This is where the game does run into issues of repetitiveness, however, with the game forcing you to wait around for the story to progress a lot of the time. As the game progresses new areas and locked paths will eventually open up, so for the first half of the game there is usually plenty to do and explore each night meaning waiting several nights for the next part of the story to reveal itself isn’t too much of a problem. Plus, as time progresses across nights you will find that more of the world is changing as the humans continue to mine and deforest the area, switching up how you can explore from night to night. Your goals are generally the same each night—find food, check out a new area if possible, teach your cubs a new skill—but the dynamic progression of the world keeps a nice freshness and also hits upon the game’s themes well. 

Eventually, however, these changes begin to slow at which point Endling finds itself at a bit of a standstill for a lot of its second half. When the world has all been explored and food is no longer much of a problem you will find yourself just trying to tide time over each night in hopes that the next day will present a new story scent. Progressing the story is entirely an inactive exercise; instead of having you need to search for new trails the game just makes you wait around for a night where one will present itself. There’s no challenge or work to the discovery.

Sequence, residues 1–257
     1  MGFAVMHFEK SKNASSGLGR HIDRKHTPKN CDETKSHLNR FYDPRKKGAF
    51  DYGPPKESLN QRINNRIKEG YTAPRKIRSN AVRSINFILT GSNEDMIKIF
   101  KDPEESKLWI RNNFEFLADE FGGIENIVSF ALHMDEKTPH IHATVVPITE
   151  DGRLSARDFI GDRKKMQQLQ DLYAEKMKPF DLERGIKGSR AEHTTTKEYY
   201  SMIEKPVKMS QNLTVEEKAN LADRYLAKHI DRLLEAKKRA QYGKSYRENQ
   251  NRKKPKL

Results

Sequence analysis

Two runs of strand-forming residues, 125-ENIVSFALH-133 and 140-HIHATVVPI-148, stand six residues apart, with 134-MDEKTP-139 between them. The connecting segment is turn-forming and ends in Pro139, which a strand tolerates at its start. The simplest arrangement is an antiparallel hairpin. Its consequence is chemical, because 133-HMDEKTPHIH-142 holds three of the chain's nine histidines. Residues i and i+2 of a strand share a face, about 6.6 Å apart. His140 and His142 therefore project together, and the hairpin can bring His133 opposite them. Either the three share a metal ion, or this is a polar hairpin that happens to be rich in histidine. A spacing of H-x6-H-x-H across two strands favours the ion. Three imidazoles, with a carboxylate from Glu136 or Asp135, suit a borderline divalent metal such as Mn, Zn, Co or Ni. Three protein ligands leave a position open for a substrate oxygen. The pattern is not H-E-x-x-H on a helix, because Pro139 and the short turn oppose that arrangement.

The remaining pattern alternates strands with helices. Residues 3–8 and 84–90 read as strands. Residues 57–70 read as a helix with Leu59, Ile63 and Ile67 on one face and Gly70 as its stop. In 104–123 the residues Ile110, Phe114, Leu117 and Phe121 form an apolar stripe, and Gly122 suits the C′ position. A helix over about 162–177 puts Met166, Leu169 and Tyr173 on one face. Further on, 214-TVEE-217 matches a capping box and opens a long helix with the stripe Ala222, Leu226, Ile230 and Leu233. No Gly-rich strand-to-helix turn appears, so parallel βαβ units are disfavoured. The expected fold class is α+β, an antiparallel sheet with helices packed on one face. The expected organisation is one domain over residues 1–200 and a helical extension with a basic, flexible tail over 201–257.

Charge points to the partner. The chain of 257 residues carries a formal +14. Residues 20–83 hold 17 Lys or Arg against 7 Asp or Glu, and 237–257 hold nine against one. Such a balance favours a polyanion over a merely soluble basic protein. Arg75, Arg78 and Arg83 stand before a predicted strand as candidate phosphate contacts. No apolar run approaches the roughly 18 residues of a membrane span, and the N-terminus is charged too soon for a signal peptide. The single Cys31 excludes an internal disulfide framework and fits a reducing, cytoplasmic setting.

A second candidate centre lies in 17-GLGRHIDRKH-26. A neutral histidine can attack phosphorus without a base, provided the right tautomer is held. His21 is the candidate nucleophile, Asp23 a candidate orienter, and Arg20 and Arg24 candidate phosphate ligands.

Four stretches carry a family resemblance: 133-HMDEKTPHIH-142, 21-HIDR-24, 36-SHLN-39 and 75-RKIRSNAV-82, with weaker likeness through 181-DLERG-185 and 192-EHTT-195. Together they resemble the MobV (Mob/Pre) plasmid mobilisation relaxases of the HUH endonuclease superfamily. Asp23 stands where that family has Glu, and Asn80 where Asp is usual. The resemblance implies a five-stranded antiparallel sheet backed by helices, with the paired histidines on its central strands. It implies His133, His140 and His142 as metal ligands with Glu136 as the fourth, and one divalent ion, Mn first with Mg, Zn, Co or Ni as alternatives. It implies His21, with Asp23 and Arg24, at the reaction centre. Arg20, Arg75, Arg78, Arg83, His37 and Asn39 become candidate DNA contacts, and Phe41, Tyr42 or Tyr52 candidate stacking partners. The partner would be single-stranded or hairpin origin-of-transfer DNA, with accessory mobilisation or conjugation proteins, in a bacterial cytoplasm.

Yes, the danger around the world does ramp up considerably with progression, the humans getting more aggressive and leaving more traps over time, but when there is no story element to explore or no need to travel far from home then this danger is largely nullified—you could, if you wanted, just wait next to your shelter on these nights until the time has elapsed to go back to sleep. 

It is disappointing that even though Endling is a short 4-hour experience, the back half can slow down to a slog because of this design choice. Everything else in Endling is working wonderfully, but this repetitiveness does unfortunately pull the game back from being an unquestioningly excellent piece to one that can only reasonably be labelled as good. 

In terms of world building and theme Endling is sharp; the game confidently sidles through incredible sequences, both brutal and beautiful, needling at its audience constantly with scathing eco-conscious critiques and pulling at the heartstrings with the type of wired-up emotional pincering that even Pixar would be proud of. On the critical end Endling does everything it needs to, getting its message across in an artful, resonant manner to eventually have you unashamedly (or perhaps shamefully) weeping as the credits roll. It is only in its gameplay that Endling is pinged with a wounded limp, but, by the nature of the entire project my guess would be that Herobeat Studios would far prefer the former to take the applause than the latter anyway.

Final Score: 7/10


About Author

Lawrence Rennie

Lawrence is a Scottish-born writer with a love of games and films that he fortunately turned into a career grumbling about online. When not firing away the hours buried in a game or film he also co-writes 'Mechastopheles', an original comic series published by the UK’s leading comic magazine 2000AD as a naturally born-grumpy Scot; however, he asks that you don’t ask him too much about it though! Lawrence’s other musings include podcasts, fitness, his cat, and one day developing his own screenplay.